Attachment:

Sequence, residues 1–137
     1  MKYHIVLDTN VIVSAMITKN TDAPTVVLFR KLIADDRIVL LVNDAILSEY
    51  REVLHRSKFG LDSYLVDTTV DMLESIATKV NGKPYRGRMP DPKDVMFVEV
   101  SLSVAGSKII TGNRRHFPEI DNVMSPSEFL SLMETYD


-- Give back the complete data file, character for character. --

Sequence, residues 1–137
     1  MKYHIVLDTN VIVSAMITKN TDAPTVVLFR KLIADDRIVL LVNDAILSEY
    51  REVLHRSKFG LDSYLVDTTV DMLESIATKV NGKPYRGRMP DPKDVMFVEV
   101  SLSVAGSKII TGNRRHFPEI DNVMSPSEFL SLMETYD